GHANA – Ghana has launched a mobile application that supports fish farming management and marketing, wrapping up a three-year study on aquaculture enhancement in the nation.

The fish farm tracker App offers a computerized solution for business and economic management, general record keeping, data collection, administration of production, basic fish health and water quality monitoring, and management of fish farms.

Additionally, it will act as a real-time online fish market, help farmers with extension work, and give them a forum on which to interact with peers, customers, and specialists.

The project, titled “Accelerating aquaculture development in Ghana through sustainable Nile Tilapia seed production and dissemination (TiSeed),” was carried out by a group of national and international research institutions, under the direction of the International Food Policy Research Institute (FPRI) and the Water Research Institute (WRI) of the Council for Scientific and Industrial Research (CSIR).

With an emphasis on women and young small-scale fish farmers, the initiative was launched in February 2019 with the goal of addressing difficulties in the tilapia seed and extension system to increase productivity and profitability of tilapia cage and pond farming in Ghana.

The Ministry of Fisheries and Aquaculture Development’s Director of Research, Statistics, and Information Management, Mr. Ishmael Adjei Brown, who introduced the App on behalf of the sector minister, predicted that the sector will benefit from the App and the knowledge generated by the project.

He exhorted beneficiaries to impart their newly gained knowledge and abilities on others, while urging the Fisheries Commission to support the implementers in expanding their work.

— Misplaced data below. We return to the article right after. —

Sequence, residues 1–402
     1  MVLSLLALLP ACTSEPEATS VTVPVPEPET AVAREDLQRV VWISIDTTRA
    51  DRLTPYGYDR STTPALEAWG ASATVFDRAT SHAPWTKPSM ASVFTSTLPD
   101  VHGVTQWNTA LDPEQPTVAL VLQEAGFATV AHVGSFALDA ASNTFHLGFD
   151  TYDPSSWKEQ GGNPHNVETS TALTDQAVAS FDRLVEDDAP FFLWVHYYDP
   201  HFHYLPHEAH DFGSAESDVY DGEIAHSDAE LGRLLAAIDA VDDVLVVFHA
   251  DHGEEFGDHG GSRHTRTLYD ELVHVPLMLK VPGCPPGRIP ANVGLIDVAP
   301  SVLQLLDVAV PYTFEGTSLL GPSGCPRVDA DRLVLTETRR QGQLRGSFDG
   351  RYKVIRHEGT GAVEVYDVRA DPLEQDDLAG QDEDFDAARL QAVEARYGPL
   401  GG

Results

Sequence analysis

Dr. Catherine Ragasa, the project’s lead, stated in a presentation that the initiative, which received U.S$ 1.4 million from the Netherlands and other sponsors, was implemented in seven regions: Volta, Eastern, Ashanti, Bono, Bono East, Ahafo, and Greater Accra.

She said 378 fish farmers, zonal officers and youth were trained, with 36 hatchery and nursery operators supported to improve their operations with research papers and other documents to aid knowledge acquisition.

Between 2020 and 2021, the TiSeed project increased fish farming output by 2,500 tons, according to Dr. Ragasa.

“More than half of the trained farmers experienced lower fish mortality, faster growth and heavier fish and also improved their records keeping, water management and biosafety practices.

“The training has led to an increase of 0.48 more kilogramme of fish harvested per square metre, or U.S$ 627 additional income per trainee per year on average,” Dr Ragasa said.

In a speech delivered on his behalf, the Director of the CSIR-WRI, Prof. Mike Atweneboana, stated that when the project began, the tilapia seed system had been corrupted, leading to the loss of low-quality seeds, job losses, and food insecurity.

He lauded implementers for overcoming COVID-19 obstacles to accomplish their goal and urged stakeholders to use project best practices to aid in the socioeconomic growth of the nation.

According to Ms. Jennifer Viglo, a Senior Manager at the FC, the fishery industry provides employment for many people in the nation, so it must be sustained at all costs.

Liked this article? Subscribe to Food Safety Africa News, our regular email newsletters with the latest news insights from Africa and the World’s food safety, quality and compliance. SUBSCRIBE HERE